Microsoft has ploughed huge resources into securing Windows, but new research shows that five major PC makers are botching the security of pre-installed software.
Security firm Duo Labs has detailed multiple security shortcomings in the updater software bundled in machines from Windows Original Equipment Manufacturers (OEMs) Acer, Asus, Dell, HP, and Lenovo.
Software updaters are implemented by OEMs in newly sold devices so that they can update pre-installed software, sometimes called bloatware.
Duo Labs decided to look at updater implementations because these components have been targeted before, such as the Flame malware that faked Windows Update to infect other devices.
Software from Microsoft is one thing, but software from hardware makers is widely known among security researchers to be an easy target, and so Duo Security focussed on updater software from OEMs, which it said in a new report is “highly privileged, easy to exploit, and not difficult to reverse engineer.”
Worryingly, the company also said that “most OEM vendors fail badly when it comes to responding to and fixing reported vulnerabilities.”
Duo Security found a total of 12 bugs on devices from all five PC makers. It focussed on the impact of man-in-the-middle (MITM) attacks on the update software from each vendor.
The apparent worst of the lot was Asus whose “Asus Live Update” software, which is also used to distribute BIOS updates, had no security features that would harden its updater from such an attack.
For example, Asus transmitted executable update files and manifests — files that alert a system to an available update — unencrypted over HTTP rather than the secure, encrypted HTTPS protocol. It also failed to cryptographically sign its manifests, validate the code.
An MITM attacker could exploit unencrypted manifest file transmission by blocking a security update or riding on the system to install malware, Duo Security highlighted.
Acer was also called out for transmitting files and manifests unencrypted. The only vendor that sent manifests over an encrypted connection was Dell.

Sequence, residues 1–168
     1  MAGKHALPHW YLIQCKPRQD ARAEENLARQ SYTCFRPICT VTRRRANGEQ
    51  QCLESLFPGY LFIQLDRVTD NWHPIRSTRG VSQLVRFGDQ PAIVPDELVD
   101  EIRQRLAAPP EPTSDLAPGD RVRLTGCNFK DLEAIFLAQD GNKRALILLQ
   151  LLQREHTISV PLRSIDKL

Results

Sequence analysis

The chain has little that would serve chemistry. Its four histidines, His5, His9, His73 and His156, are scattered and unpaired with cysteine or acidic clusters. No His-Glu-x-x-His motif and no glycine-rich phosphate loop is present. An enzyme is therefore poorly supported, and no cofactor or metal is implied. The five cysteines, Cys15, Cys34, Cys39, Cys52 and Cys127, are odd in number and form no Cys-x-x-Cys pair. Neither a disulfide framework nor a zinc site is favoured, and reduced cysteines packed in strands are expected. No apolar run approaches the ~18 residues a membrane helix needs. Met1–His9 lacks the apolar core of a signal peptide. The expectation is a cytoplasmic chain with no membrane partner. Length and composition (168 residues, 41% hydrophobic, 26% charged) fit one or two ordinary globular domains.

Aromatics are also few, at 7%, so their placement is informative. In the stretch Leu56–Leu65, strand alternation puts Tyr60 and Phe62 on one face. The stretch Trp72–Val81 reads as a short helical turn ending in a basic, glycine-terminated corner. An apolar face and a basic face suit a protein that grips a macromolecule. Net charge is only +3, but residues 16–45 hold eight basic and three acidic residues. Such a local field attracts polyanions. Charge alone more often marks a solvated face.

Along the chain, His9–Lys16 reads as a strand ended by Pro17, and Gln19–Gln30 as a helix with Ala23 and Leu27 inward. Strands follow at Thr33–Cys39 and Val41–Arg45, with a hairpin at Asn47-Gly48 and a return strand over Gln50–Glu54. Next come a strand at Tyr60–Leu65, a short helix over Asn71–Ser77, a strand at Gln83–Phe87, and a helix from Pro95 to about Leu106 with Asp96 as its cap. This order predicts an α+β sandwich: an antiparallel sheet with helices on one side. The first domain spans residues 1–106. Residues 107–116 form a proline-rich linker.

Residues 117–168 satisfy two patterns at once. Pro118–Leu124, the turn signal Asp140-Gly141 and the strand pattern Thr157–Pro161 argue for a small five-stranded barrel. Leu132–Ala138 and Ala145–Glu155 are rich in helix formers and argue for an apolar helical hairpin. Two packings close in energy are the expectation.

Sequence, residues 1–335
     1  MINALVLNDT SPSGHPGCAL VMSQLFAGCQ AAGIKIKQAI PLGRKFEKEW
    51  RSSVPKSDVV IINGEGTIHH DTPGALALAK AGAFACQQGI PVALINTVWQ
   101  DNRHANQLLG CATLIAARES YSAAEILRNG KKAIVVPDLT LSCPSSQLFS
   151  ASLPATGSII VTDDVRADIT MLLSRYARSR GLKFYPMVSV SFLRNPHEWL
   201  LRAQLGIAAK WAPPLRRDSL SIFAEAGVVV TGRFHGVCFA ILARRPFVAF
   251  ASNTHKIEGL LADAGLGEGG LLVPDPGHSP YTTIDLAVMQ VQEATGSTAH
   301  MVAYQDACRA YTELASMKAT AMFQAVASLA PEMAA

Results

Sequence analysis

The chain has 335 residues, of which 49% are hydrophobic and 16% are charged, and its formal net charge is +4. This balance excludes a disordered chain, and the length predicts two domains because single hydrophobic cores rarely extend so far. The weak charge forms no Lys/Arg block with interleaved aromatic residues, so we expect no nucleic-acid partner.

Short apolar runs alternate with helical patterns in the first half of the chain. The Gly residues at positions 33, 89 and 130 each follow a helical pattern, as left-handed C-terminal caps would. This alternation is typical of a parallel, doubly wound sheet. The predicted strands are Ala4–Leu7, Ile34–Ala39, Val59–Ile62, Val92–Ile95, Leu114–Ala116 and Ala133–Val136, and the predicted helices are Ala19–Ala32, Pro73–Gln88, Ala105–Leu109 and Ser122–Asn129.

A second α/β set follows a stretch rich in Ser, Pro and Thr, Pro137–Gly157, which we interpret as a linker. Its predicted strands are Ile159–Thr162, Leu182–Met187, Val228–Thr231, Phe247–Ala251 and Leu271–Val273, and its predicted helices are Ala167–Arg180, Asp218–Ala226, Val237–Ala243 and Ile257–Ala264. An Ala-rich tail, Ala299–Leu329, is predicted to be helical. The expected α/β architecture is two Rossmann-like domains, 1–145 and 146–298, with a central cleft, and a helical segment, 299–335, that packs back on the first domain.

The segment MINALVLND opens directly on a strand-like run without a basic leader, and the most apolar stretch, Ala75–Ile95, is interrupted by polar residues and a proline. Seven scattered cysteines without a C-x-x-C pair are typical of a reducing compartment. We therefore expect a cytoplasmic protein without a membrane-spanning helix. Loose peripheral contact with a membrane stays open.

“Consistent use of HTTPS and certificate pinning would have significantly raised the bar to exploitation for every single vendor,” Duo Security noted.
Meanwhile, devices from HP, Dell, and Lenovo displayed problems stemming from the complexity of updaters on devices or fragmentation. Each vendor used multiple update systems, implemented these with inconsistent security features, and in some cases used the update systems to install software that had additional updater software.
Lenovo, for example, had an updater called Lenovo Solutions Centre that was hardened against MITM attacks, while another, called “UpdateAgent”, was not.
Most OEMs also failed to validate the authenticity of manifest files, which would undermine attempts to validate the integrity of a subsequent update that may have come from the vendor, but may also have been compromised.
“HP went through the effort of validating that installation commands specified in their manifest were only executed if they had a valid HP signature. What HP did not consider was that the ability to execute arbitrary applications that are signed by HP can be just as harmful,” Duo Security notes.
“Signing the manifest and subsequently validating its integrity on the client-side would have prevented most attacks we identified,” it added.
The findings may spell bad news for OEM bloatware if end-users take Duo Security’s advice. The company says that to mitigate the risks it found, there’s no option but to wipe the OEM’s system and reinstall a clean copy of Windows.
It also recommends buying Microsoft Signature Edition systems, though warns that while they are meant to be bloatware-free, they aren’t.
“Microsoft offers ‘Signature Edition’ systems … often still include specific vendor-supplied drivers, tools, and of course OEM-supplied software updaters. This makes OEM updaters a more prevalent target than many other pieces of bloatware given their potentially wider distribution,” said Duo Security.